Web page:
Review of “The Scoundrel’s Honor” (Sinful Brides #2) by Christi Caldwell

Caldwell, Christi. The Scoundrel’s Honor. Seattle: Montlake Romance, 2017. ISBN-13: 978-1503943438. $12.95 USD. 

4 stars

I read and enjoyed The Rogue’s Wager last year, and The Scoundrel’s Honor’s nomination in the Historical Romance-Long category was part of the motivation for seeking it out. And while I can say this time that this is not in my opinion the best of the category that I have read, I still feel the nomination is incredibly well-deserved.

One of Caldwell’s strengths is creating deep, sympathetic characters, and this book is no exception. While I am by no means a fan of darkness and angst, I was quickly drawn to Ryker, and was curious about him since the first book. He has a dark past that defines him, but, as the book title implies, he is also incredibly honorable and does that right thing when he must. And in a sea of books that seem to glorify the ton it is refreshing once in a while to find a hero who has legitimate reasons for despising the ton, and the circumstances of the story lead to him having to deal with it. While I would have liked to see his resentment of his father explored a little more and ultimately resolved, given their father played such a big role in the prior book, I was satisfied with how Ryker turned out overall.

Penelope took a while to grow on me. I don’t know what it was, but I didn’t really connect with her that much. I did admire the methods she took in trying to make the best of her marriage, and ultimately feel that she and Ryker are a good match, but compared to the heroines of some of Caldwell’s other books I’ve read, she pales by comparison.

There are also some issues with the writing and structure. While the book overall flows nicely, the overusage of inner monologue for both Ryker and Penelope did grow a bit tiresome. And I was perplexed by the inclusion of the epigraphs at the beginning of each chapter as they seemed to have no relation to the story at all aside from a thematic connection and the fact that they seemed to be letters from Penelope, only to be revealed near the end that these were meant to be diary entries. It wouldn’t have bothered me so much if they had been referenced a bit more throughout the book, especially given that she addresses her diary by a very unusual name, but for most of it, it just felt like almost-pointless info-dump that only became useful when it came to filling me in on some events that happened prior to the events of this book, as some of her siblings were featured in books I have not read. But given that some of the catch-up about the siblings is also included in the main narrative, I feel like there could have been a less distracting and confusing way to incorporate the diary.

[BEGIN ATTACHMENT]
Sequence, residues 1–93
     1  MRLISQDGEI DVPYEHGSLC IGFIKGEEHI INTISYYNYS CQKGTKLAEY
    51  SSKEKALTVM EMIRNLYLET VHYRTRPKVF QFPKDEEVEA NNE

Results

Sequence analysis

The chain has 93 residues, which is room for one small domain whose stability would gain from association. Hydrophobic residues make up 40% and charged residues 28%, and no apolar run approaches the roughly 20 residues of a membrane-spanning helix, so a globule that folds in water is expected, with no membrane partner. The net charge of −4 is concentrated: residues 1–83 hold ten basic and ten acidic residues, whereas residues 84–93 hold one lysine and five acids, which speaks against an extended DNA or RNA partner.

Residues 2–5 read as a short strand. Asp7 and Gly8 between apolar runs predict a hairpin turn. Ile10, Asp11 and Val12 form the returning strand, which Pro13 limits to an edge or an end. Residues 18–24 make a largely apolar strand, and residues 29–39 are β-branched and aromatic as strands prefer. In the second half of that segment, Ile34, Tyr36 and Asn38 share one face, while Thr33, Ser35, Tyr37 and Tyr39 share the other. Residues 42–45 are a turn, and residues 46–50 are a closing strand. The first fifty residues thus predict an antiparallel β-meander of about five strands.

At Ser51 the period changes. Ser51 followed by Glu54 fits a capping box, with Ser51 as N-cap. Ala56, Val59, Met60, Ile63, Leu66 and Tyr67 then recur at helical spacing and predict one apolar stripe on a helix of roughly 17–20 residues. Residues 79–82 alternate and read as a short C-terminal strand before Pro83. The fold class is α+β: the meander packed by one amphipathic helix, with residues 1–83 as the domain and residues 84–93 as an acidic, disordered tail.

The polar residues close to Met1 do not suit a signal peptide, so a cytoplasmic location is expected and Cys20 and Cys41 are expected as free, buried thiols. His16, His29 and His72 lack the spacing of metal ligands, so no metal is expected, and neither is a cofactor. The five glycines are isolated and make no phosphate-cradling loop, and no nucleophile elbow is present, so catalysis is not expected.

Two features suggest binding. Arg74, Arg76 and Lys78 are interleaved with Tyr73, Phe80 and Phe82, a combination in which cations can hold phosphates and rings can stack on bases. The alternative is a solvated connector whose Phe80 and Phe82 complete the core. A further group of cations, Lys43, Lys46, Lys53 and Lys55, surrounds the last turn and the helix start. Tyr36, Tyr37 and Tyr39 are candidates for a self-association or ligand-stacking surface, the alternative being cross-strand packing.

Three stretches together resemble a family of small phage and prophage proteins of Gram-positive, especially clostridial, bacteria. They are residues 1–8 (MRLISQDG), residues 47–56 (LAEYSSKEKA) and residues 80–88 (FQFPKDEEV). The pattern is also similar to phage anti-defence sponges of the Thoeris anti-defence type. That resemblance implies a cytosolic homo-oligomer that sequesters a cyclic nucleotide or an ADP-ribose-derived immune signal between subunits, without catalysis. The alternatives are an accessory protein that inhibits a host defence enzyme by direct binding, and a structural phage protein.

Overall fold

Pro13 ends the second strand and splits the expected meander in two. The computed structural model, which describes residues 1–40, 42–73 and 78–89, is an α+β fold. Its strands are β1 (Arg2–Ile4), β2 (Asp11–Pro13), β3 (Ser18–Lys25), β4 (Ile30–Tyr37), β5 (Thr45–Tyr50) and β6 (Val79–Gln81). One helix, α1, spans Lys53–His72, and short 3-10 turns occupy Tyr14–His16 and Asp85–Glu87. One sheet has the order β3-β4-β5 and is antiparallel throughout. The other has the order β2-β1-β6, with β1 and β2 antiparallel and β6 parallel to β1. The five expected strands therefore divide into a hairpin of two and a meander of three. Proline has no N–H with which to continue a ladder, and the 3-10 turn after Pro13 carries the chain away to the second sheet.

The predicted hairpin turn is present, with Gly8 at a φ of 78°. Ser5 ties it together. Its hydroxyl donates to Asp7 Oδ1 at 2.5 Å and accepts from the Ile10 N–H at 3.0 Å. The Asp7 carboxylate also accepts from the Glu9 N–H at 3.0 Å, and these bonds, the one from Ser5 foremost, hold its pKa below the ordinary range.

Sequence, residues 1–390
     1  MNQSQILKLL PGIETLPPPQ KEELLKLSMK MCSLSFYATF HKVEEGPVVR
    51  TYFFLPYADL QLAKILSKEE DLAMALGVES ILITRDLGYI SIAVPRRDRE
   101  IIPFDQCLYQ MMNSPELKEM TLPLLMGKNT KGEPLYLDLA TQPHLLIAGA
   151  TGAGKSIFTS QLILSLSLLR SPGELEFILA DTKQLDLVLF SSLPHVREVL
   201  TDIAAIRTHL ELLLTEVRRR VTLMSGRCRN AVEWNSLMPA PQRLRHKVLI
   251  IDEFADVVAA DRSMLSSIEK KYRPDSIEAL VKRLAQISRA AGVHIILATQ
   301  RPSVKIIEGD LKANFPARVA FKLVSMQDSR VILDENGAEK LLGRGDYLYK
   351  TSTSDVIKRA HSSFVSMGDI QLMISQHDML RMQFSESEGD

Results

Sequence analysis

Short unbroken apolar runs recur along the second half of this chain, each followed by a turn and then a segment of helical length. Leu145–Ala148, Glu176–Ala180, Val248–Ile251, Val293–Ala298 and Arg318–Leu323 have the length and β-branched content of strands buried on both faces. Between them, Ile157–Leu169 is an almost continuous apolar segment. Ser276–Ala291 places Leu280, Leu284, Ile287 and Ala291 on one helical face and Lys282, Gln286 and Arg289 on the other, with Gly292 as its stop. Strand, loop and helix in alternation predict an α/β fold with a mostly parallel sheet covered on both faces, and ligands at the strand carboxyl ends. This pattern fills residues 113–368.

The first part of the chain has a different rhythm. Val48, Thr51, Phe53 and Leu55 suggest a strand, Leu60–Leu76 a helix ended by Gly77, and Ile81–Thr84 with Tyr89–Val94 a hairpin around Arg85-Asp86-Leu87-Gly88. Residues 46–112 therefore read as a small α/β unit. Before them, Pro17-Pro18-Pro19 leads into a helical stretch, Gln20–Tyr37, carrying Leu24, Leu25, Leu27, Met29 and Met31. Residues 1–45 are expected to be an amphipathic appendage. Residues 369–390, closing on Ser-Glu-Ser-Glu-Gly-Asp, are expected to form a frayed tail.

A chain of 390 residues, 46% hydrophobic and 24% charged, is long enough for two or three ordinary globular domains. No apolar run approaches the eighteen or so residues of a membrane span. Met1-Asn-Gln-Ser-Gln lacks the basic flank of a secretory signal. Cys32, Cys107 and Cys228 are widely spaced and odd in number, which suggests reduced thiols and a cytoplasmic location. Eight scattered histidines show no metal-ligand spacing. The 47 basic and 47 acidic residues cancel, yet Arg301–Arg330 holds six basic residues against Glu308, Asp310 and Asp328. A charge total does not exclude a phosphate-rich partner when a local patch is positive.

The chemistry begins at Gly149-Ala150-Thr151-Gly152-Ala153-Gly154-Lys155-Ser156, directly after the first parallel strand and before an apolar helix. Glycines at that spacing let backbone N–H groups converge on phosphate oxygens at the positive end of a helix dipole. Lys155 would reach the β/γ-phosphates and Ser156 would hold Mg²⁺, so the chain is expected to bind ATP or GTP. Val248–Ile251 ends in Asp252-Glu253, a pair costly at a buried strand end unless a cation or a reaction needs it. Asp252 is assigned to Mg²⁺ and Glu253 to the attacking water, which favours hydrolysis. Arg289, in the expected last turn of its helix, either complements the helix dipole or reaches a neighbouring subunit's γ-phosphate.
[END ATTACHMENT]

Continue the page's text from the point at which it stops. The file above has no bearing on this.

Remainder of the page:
Review of “For Love of a Duke” (Heart of a Duke #1/2*) by Christi Caldwell

Caldwell, Christi. For Love of the Duke. 2014. New York: Spencer Hill Press, 2017. ISBN-13: 978-1-63392-103-0. $12.95 USD. 

*Note on series numbering: Goodreads and retailers like Amazon list this as book one. However, the Heart of a Duke character map lists it as book two, with the digital-exclusive prequel, In Need of a Duke/In Need of a Knight listed as book one.

3.5 stars

The first full-length installment in Christi Caldwell’s Heart of a Duke series shows great potential, and despite a few inconsistencies, it lived up to my expectations. She delivers a story that is at times humorous, and at times emotional, giving readers a full journey with these two characters.